If I were a responsible, dedicated citizen, I would be more concerned with national security and chain-of-command issues than with the lurid details of the sex scandal itself. That's a fact. I'd be more concerned with the larger picture. But I'm not a responsible, dedicated citizen. I'm more or less a lecher, a pilgrim whose idea of serious literature is Jackie Collins.
And to me, this David Petraeus escapade is simply too bizarre, too titillating, too mind-boggling to leave alone. It's like catnip to a cat.
Just consider what we know so far. America's top soldier -- its most admired and revered military hero, a man renowned for his integrity, the holder of a Ph.D. in International Relations from Princeton University, married for 38 years, and the head of the world's most formidable intelligence agency -- is found to be having an affair with a woman 20 years his junior, the mother of two young sons, whose husband is a physician.
She's not only a married woman and mother (a self-described "soccer mom"), but she's a runner, a former homecoming queen, a West Point grad, a Ph.D. candidate, and the author of a biography of Petraeus himself. In fact, it was while conducting research for her book that she and the general first met and, alas, eventually jungled-up.
Then we learn that this 40-year old woman, Paula Broadwell -- her high school valedictorian and, in addition to West Point, a Harvard graduate as well -- sent threatening emails to another woman, one Jill Kelley, a fetching, 37-year old Tampa socialite, warning her to stay the hell away from Petraeus. The plot thickens.
While there is absolutely no evidence so far indicating that Petraeus and Kelley were romantically involved, we still have a ways to go in the investigation. Considering the number of oddities that have already been revealed, who knows what will turn up?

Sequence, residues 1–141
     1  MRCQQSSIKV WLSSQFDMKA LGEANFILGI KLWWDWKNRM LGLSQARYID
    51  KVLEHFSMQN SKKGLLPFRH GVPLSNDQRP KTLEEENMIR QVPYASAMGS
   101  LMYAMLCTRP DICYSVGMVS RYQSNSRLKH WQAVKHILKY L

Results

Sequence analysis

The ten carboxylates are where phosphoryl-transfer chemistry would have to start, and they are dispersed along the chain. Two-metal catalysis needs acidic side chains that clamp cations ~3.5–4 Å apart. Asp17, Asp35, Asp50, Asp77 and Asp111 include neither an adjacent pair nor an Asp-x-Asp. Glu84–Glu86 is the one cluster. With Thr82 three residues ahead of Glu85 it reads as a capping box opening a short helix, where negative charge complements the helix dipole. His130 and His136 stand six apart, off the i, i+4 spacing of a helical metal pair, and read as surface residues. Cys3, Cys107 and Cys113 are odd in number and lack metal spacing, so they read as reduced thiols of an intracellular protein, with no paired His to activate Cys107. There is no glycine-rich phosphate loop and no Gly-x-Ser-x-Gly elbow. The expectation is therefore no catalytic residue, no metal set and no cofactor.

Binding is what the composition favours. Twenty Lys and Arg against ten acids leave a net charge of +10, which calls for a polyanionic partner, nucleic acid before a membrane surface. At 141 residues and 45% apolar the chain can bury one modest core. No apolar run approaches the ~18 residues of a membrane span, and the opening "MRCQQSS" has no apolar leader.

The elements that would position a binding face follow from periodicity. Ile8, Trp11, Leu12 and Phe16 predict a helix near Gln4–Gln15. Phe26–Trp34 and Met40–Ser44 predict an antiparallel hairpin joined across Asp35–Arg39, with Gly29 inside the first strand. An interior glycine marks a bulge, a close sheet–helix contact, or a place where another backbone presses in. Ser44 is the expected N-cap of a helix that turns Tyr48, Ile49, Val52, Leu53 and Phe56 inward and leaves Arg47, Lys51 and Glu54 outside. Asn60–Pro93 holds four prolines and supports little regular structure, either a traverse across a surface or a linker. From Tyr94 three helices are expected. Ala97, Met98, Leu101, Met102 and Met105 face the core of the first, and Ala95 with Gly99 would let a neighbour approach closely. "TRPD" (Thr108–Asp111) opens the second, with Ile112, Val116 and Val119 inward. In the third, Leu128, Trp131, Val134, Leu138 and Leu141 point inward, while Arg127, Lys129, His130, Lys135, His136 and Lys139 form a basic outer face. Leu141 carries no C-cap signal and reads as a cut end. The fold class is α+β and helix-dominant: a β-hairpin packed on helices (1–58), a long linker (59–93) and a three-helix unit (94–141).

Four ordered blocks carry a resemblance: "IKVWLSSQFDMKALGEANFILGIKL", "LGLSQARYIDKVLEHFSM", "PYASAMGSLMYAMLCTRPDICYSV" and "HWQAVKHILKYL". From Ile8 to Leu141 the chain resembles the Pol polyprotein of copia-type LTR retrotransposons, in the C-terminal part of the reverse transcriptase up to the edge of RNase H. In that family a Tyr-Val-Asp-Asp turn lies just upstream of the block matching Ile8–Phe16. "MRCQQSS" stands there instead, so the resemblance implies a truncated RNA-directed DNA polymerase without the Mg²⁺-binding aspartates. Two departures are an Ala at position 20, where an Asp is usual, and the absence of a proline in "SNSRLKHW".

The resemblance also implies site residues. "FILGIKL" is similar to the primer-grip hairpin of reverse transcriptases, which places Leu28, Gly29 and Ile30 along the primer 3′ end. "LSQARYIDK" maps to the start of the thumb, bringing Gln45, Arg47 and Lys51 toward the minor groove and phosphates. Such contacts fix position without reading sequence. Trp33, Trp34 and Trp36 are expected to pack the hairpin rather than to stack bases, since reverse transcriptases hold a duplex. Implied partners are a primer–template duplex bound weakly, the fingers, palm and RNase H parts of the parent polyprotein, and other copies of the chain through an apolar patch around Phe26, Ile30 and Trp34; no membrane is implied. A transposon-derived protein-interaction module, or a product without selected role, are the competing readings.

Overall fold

But there's more, way more. Next, we learn that another soldier, General John Allen, the officer who replaced Petraeus as commander in Afghanistan, is alleged to have sent as many as 30,000 pages of emails to Jill Kelley, the fetching Tampa socialite whom Broadwell had threatened. I don't care how fast a typist you are, 30,000 pages is one prodigious body of work. More to the point, what could one possibly say in 30,000 pages of emails?
But there's more. Then we learn that one of the FBI agents investigating the case is suspected of having sent shirtless photos of himself to Kelley, the Tampa socialite. Really? An FBI agent took off his shirt, photographed himself, and then sent the shirtless photos to the same young woman who had received those 30,000 pages of emails from General Allen?
You couldn't make this stuff up. Call me wildly ambitious, but my hope, my dream, is that we find out that David Petraeus was born in Kenya, that Anthony Weiner has sent photos of his penis to both Broadwell and Kelley, and that at some point in this story the Kardashians get involved. I'm telling you, this stuff is like catnip to a cat.
David Macaray, an LA playwright and author ("It's Never Been Easy: Essays on Modern Labor," 2nd Edition), was a former labor union rep.
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